I’d love to hear about your experiences and other animals you have shared in your service….


Does pets in childcare reflect part of your philosophy…

 

 

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Kathy

Is your business a reflection of you ?

Why do you run your

Family Day Care?

I’ve been reading some of the questions coming through Facebook and it occurred to me – as our children grow and our businesses change our priorities change, do our motivations also change for running our Family Day Care business’s.?

The year is 1992 – After having my first son I needed work and to earn an income, my Carer – We were just changing from Day Care Mums to Carers back then – was leaving and there was no other carers in my area. My Carer was in a small town and leaving left a huge void that needed to be filled. My motivation was to prove, as a young mum, I could earn an income and continue to provide a quality service that other parents desperately needed as well.

Looking back I cared for children who needed Care that I had a position for, I worked the hours anyone asked me to work. We had regulated fees and very little flexibility or control of our business the only way to increase our income was to work more hours.

 
 

Check out Simple Reflect – The Easiest Way to Document

 
 

Wind the clock forward to 2010 – My youngest son was born and my strong motivation for building a Family Day Care Business after we moved was being at home with him! My older sons had had the benefit and joy of their childhood, filled with friends coming to play and mum being home with them and that was what I wanted for all my sons.

Family Day Care has had many changes over the past 20 years, regulations, documentation, we are now truly educators. I interview parents and children, I’m much more precise on the hours of care I offer. We have deregulated fees therefor a much greater flexibility in how we run our business’s. A greater control over tailoring our business to our own individual areas and family needs.

As Educators and individuals our situations will always be different. My aim has always been to provide the best experiences for my sons and the children and families I care for. As time goes by we all change, develop and grow, our business’s are a reflection of us and our families.

I hope this stimulates your thinking on what motivates you when building your Family Day Care Business, I would love to hear… Why you started your business and what motivates you to offer a quality, home based early childhood education and care service? 🙂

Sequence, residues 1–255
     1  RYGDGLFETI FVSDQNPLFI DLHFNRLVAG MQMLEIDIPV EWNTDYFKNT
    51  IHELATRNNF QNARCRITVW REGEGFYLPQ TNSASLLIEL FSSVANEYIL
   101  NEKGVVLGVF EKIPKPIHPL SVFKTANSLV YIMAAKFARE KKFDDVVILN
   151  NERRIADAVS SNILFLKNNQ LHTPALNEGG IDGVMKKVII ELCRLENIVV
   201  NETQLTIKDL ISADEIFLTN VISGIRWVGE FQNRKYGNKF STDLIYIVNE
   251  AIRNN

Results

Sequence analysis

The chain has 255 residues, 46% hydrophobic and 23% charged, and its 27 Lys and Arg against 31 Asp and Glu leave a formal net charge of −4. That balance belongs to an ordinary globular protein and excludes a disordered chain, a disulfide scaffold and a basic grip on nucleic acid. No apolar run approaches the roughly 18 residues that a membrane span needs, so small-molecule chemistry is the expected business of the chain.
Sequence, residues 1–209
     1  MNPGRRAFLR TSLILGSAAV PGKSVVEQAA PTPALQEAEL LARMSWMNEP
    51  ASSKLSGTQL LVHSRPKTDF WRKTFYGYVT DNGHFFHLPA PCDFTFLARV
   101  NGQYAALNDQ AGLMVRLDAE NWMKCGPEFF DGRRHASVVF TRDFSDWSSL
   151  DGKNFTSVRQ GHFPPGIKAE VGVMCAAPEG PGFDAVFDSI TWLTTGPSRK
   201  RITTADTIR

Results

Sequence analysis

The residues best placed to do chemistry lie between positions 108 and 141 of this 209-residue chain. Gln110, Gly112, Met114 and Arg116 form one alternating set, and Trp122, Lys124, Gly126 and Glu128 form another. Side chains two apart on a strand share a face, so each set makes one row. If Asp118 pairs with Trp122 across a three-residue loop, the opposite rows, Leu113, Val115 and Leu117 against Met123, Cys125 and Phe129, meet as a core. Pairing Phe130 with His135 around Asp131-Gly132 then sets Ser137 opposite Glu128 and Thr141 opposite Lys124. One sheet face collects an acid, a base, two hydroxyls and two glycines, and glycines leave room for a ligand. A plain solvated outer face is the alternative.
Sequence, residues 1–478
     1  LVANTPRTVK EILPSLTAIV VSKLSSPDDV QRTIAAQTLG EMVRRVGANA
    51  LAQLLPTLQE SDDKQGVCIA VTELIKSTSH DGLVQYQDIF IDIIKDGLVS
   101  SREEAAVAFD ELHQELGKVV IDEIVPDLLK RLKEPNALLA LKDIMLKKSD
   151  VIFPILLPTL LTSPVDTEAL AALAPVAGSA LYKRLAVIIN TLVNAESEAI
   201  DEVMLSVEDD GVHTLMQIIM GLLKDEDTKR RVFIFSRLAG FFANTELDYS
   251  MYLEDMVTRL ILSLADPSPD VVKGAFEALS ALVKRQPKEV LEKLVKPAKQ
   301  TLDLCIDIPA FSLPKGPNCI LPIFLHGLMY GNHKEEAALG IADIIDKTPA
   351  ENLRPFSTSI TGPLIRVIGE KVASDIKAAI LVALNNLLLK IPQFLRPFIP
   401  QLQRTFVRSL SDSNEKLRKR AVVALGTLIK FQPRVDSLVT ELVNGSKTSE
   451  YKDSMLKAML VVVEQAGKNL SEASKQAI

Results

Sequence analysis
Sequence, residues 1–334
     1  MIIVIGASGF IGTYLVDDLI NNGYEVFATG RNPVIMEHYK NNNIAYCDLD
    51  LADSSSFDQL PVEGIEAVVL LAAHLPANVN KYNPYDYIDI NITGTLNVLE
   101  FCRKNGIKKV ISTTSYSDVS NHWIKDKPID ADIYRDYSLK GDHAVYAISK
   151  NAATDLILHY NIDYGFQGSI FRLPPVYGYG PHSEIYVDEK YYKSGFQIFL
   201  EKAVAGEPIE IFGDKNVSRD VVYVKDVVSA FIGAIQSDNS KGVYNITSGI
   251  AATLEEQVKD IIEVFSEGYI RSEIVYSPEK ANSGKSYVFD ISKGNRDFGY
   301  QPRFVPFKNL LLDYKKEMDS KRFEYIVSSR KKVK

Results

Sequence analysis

I touch on my philosophy after attending Puzzles workshop – you can find more

here… 

 

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Kathy

 

Sharing in Naidoc week

 

I wanted to share with you our learning during this Naidoc week and some exciting ideas and experiences other educators have created for their children and children in care.

 

We had three focuses this week

1# 3 Books lent to us by a good friend

2# Emus, feathers and creating these wonderful birds

3# Revisiting family photos of a recent trip to Mount Grenfell, Ngiyampaa
people rock art.

You can see above…

 

#Our three focus books for Naidoc week

#Our Emu craft from Smarty Arty by Mr 4 and Miss 18 mths and Mr 19 mths 🙂

 

Check out Simple Reflect – The Easiest Way to Document

 

These experiences blended and rolled into one another creating an environment of discussion, thoughtfulness and stepping stones being laid towards an understanding and celebration of all cultures.

 

Why not look or ask around your community for historical or important sites to visit with your children?

I was also very conscience this year of not being tokenistic…

 

Tokenistic… a word bantered around by ‘teachers’ a lot as Naidoc week approaches and during the special time meant for focusing on learning and recognising Aboriginal and Islander culture.

 

It saddens me that as educators we are quick to judge and strip away the confidence and often genuine efforts educators make to expose children to valuable cultural learning opportunities.

 

For me, Naidoc week is a celebration of the Aboriginal and Torres Strait Islanders culture. Bringing an extra focus onto experiences we have had over the year and showing respect, value and importance of recognising Australias first peoples and the land, they are connected.

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Here is a few of my favourite finds this week 🙂

-From Giggle and Grow Family Day Care

-Create Aboriginal Stick Painting

-Commitment to heritage and showing respect 

 

And some resources you may find useful 🙂

-http://www.nationalparks.nsw.gov.au/mount-grenfell-historic-site

-http://www.earlychildhoodaustralia.org.au/nqsplp/wp-content/uploads/2012/05/EYLFPLP_E-Newsletter_No7.pdf

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Please share with us your experiences this week………………………….

 

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Role modelling – fun – or both??

 

 

Kathy
SR podcast download image17